Wi-Fi ad network JiWire releases a quarterly report based on surveys of its users, who are accessing WiFi on laptops, smartphones and, increasingly, tablets. JiWire delivers advertising to thousands of public Wi-Fi locations in numerous countries. Its survey samples are typically 1,000 to 2,000 consumers.
The Q3 data (drawn mainly from US and UK users) show the dramatic growth of tablets and a range of other attitudes and behaviors. The data are not representative of all consumers but a somewhat more “advanced” audience. For example, 62 percent of JiWire survey respondents own a smartphone and 37 percent own a tablet. (In the broader population tablet ownership is near 10 or 11 percent, while smartphone ownership in the US is 40 to 44 percent.)
JiWire found that consumers are shifting from laptops to alternative, connected devices. According to the survey, “consumers are 50 percent more likely to purchase a Smartphone or Tablet than a Laptop” in this most recent survey. The company also reported that “tablet consumers connecting to Wi-Fi have nearly doubled since 2010, increasing from 19 percent in Q4 2010 to 35 percent to Q3 2011, a relative increase of 84 percent.”
JiWire asked its users about mobile purchase activity and found somewhat higher levels of purchase behavior and comfort with tablets vs. smartphones. Electronics, retail and entertainment were the top mobile buying categories.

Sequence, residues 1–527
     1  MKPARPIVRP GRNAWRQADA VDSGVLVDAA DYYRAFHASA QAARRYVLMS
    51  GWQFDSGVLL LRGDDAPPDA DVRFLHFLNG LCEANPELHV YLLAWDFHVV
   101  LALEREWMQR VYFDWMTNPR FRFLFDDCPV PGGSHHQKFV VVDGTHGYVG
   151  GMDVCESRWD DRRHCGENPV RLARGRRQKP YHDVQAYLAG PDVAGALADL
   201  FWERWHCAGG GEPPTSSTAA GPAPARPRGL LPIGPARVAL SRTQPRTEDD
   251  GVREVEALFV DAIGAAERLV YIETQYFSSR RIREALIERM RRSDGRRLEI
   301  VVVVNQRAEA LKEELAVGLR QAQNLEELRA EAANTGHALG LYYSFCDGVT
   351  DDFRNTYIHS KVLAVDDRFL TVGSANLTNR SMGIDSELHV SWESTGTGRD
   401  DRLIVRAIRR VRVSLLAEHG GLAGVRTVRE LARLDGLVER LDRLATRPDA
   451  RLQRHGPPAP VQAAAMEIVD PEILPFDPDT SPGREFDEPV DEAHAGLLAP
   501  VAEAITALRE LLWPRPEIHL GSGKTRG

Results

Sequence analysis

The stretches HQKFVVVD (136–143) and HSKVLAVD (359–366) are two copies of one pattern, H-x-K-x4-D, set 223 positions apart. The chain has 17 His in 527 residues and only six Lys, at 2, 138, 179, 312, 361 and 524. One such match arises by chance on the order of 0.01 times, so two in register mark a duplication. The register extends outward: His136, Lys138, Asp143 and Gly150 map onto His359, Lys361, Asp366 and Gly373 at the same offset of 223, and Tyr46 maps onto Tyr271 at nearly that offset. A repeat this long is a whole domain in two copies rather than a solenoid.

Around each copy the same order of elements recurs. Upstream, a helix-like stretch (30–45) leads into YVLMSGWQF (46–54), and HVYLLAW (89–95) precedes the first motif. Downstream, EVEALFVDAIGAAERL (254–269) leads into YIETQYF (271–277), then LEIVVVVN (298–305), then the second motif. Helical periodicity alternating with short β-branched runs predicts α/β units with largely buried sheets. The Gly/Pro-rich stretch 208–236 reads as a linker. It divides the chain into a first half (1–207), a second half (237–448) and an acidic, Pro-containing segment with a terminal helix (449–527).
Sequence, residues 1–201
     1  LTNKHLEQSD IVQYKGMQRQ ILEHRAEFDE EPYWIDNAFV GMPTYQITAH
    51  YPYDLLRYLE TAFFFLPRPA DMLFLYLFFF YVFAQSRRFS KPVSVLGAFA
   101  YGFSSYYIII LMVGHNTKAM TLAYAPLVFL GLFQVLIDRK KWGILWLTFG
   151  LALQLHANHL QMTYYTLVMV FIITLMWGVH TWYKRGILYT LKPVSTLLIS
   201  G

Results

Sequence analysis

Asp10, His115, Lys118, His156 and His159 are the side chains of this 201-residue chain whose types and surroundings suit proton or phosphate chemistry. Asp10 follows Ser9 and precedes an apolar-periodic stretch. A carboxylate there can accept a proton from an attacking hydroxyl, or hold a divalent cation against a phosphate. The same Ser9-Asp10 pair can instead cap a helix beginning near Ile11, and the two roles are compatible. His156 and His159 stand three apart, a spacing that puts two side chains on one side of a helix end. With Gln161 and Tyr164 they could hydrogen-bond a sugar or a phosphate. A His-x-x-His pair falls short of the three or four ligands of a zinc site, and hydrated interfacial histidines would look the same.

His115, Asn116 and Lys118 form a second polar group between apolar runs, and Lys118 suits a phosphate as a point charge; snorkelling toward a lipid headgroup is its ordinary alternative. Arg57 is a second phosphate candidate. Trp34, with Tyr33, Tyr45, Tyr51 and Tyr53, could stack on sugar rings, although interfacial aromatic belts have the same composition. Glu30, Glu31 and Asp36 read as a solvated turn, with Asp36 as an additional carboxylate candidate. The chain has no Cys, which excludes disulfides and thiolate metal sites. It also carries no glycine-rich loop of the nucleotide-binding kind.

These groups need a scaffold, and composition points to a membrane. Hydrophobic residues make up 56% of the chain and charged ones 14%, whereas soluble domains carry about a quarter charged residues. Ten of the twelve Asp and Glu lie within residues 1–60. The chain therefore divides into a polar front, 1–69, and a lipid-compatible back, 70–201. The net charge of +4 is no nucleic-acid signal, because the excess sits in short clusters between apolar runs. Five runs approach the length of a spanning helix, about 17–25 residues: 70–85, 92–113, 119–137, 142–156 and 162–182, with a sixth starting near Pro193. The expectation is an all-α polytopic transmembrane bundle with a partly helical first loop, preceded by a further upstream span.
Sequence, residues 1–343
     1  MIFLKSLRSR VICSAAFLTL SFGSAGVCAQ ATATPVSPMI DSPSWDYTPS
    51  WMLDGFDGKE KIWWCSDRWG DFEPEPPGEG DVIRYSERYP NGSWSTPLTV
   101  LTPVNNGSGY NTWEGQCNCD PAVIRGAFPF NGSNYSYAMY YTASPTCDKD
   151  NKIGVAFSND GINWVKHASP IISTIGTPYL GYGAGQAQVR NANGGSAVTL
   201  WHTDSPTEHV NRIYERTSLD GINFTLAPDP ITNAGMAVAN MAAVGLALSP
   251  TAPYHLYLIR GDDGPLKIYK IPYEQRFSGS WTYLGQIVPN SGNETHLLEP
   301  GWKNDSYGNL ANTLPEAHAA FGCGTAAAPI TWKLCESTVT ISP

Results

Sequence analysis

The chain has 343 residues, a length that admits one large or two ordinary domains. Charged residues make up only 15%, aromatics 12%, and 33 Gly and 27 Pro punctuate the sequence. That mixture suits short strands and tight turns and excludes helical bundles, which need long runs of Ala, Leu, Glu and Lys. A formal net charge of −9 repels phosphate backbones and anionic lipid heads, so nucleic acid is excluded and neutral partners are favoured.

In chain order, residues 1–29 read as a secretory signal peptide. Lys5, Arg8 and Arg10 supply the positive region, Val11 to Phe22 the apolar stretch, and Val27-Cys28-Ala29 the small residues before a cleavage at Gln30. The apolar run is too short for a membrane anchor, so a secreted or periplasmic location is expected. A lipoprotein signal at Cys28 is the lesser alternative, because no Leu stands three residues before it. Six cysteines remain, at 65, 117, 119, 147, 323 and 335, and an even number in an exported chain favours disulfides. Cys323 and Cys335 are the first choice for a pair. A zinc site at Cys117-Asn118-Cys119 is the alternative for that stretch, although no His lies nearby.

Consistent with our semi-controversial post this past weekend about the offline impact of paid search retail campaigns, JiWire’s survey found that 85 percent of its respondents shop in physical stores while 15 percent shop primarily online.
Finally, when asked about “check-in services” this audience expressed mostly negative or confused feelings, with 65 percent saying they “don’t care,” “don’t like it” or “don’t understand it.” Thirty five percent liked or loved check-ins and only 8 percent expressed outright hostility.
A great many marketers haven’t yet adapted to how many people are using mobile devices to access the internet. Email marketing is a great case-in-point. One of the primary use cases for mobile, I’m often surprised to click through on email campaigns and be taken to the PC version of the site in question — this morning for me it was Hotels.com. Typically these experiences are awkward, creating abandonment and lost sales.
In addition, most mobile purchase activity occurs at home where many people are using mobile devices instead of their PCs. At this point every marketer needs to have a mobile optimized site and/or mobile optimized landing pages. If not, they’re losing sales.